How do I use 'melts'?

Maxalt Melts, Zomig Rapimelts and zolmitriptan orodispersible tablets work best if taken on an empty stomach, as soon as the headache begins. They are not a preventative treatment and do not work if started during the aura.

  • Make sure hands are clean and dry.
  • The tablet should be carefully removed from the packaging, so that it doesn't break.
  • Place it on the tongue.
  • Leave to dissolve and then swallow with saliva.
  • The headache should start to settle within 30 minutes.
  • The Maxalt Melt should not be repeated if the headache does not completely resolve.
  • A second Zomig Rapimelt can be taken for the same headache after 2 hours.
  • If the headache has gone but comes back, another one of either melt can be used after 2 hours.
  • Maximum of 2 melts in 24 hours.

Instructions on how to take are detailed in the manufacturer's patient information leaflets supplied with the medicine.

How do I use a triptan nose spray?

A nasal spray is a good option if you feel very nauseous and often vomit with a migraine headache. It also works very quickly, as the active ingredient is mostly absorbed directly from the nose.

The spray is most effective if used as soon as the headache begins but it can be taken at any time later in the attack. It is not a preventative and will not work if used during the 'aura'.

  • Zomig and Imigran nasal sprays are single use spray units. Use one spray in one nostril (left or right). Do not sniff.
  • Signs of improvement can be noticed in 15 minutes.
  • If the headache has not completely gone a second dose of spray can be used after 2 hours.
  • Maximum of two spray doses in 24 hours.

Instructions on how to take are detailed in the manufacturer's patient information leaflets supplied with the medicine.

What things can trigger a migraine?

'Triggers' include a variety of factors which can set off a migraine attack in a susceptible person. Keeping a migraine diary can help to identify your triggers. Not everyone has them all or the same triggers.

A combination of several triggers will be more likely to start a migraine and you can often 'get away with' a single trigger on its own.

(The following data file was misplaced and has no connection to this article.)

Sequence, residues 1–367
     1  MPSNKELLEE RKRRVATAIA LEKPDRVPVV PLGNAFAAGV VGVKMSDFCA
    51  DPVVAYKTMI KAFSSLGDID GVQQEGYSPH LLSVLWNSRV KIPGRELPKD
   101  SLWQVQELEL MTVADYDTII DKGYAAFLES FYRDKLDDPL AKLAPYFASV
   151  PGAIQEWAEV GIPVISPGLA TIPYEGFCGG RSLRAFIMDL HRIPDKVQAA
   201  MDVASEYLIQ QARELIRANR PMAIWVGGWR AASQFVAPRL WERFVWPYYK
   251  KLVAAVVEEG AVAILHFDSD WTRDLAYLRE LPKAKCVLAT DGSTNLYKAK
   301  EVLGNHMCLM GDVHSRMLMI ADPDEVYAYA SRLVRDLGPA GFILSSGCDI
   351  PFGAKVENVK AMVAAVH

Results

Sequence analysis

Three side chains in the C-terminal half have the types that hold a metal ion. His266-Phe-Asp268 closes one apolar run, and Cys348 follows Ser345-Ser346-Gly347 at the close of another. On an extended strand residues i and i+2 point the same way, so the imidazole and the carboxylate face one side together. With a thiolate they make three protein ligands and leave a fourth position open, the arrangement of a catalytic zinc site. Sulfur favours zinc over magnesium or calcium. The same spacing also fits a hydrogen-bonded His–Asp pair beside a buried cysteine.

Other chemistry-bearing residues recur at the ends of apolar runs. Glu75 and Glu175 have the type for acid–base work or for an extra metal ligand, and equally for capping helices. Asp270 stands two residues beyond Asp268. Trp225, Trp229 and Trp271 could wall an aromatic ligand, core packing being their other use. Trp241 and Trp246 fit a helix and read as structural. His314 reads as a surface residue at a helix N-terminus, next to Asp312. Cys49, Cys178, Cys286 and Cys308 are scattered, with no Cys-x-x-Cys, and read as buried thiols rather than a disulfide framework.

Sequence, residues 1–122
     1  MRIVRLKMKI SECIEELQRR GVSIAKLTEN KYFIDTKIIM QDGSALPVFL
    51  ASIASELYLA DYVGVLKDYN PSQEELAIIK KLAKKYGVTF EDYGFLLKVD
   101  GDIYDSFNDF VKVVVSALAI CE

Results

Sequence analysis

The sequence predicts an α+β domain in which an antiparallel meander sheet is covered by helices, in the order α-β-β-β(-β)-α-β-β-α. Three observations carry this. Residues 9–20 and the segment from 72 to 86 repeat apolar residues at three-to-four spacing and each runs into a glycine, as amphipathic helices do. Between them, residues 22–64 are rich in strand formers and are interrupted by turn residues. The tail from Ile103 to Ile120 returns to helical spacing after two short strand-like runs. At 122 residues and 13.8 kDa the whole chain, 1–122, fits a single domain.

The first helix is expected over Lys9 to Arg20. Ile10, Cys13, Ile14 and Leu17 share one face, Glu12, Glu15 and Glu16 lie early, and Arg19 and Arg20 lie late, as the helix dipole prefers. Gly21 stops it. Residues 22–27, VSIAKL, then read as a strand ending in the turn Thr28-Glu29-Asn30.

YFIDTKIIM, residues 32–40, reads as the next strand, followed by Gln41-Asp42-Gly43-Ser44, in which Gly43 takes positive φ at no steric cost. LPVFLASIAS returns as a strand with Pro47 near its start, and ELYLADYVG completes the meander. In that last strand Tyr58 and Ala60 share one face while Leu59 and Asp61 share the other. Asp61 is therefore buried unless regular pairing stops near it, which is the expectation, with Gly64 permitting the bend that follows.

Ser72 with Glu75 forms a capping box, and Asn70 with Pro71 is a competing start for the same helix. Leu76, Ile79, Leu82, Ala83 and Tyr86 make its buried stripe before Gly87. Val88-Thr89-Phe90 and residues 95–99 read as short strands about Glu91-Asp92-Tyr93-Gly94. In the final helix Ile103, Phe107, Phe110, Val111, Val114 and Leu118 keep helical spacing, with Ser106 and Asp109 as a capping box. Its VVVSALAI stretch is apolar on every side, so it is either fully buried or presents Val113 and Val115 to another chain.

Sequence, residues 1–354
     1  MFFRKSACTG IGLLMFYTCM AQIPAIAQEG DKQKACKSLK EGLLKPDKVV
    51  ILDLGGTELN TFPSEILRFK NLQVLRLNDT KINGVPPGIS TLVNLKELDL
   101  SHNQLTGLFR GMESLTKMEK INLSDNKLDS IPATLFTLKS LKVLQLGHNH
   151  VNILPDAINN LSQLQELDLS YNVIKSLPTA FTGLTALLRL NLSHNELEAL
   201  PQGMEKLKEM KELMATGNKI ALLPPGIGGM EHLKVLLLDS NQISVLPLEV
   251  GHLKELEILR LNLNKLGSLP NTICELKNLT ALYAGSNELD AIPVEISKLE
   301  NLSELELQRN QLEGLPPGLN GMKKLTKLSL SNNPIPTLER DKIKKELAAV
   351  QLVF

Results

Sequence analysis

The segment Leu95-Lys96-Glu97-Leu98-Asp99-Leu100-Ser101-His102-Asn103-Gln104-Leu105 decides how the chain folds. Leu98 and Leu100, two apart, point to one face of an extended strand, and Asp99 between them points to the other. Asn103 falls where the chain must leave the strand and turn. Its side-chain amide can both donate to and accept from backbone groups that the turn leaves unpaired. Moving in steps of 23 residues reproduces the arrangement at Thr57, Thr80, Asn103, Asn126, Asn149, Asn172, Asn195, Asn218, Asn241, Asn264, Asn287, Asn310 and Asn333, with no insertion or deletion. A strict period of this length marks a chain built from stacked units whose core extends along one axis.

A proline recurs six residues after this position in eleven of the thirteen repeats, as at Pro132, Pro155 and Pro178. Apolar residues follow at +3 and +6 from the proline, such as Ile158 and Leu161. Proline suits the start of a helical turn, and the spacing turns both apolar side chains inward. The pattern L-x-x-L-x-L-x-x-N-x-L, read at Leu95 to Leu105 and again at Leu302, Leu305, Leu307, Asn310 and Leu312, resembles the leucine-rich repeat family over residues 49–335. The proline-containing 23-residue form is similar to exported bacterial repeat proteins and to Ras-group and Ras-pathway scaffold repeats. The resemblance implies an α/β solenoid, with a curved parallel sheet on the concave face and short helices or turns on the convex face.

Triggers can include:

  • Stress.
  • Hormonal changes in women.
  • Lack of sleep, or too much sleep.
  • Changes in routine, e.g. weekend migraines.
  • Lack of food/skipping meals.
  • Too much sugar/sweet foods.
  • Chocolate (although sweet food/chocolate cravings can also be part of the very early phase of an attack).
  • Alcohol - especially red wine which contains tyramine.
  • Cheese - can also contain tyramine.
  • Caffeine.
  • Food additives - monosodium glutamate, nitrates, and aspartame.
  • Mild dehydration - make sure you regularly drink plenty of water.
  • Computer screens, glare, flickering lights.
  • Environment - high altitude, weather changes, high humidity.
  • Sudden vigorous exercise - but regular exercise is beneficial.
  • Teeth grinding during sleep - a dentist may be able to help.

Are there any other things I can do to help my migraines?

It can be helpful to address migraine triggers in your life. Use a migraine diary to work them out.

Try and avoid your personal triggers and especially situations where there may be a combination of several triggers.

The most important thing is a consistent routine around sleep, food, and exercise.

Do migraine tablets contain lactose or sucrose?

Some manufacturers add lactose and sucrose to their triptan tablets. Please send a message after your Dr Fox order if you require lactose or sucrose free medication.

What medication is best if I vomit with migraine?

It is best to use a nasal spray (Imigran/sumatriptan, Zomig/zolmitriptan) or dissolve-in-the-mouth tablets (Maxalt Melt/ rizatriptan, Zomig Rapimelt, zolmitriptan orodispersible) if you tend to vomit with migraines.

Your GP can also prescribe anti-sickness medication which may help.

I take preventative migraine treatment - can I still take triptans?

If you take propranolol regularly, then a reduced dose of Maxalt/rizatriptan should be used (discuss with your GP). No dose adjustment is needed for sumatriptan and zolmitriptan.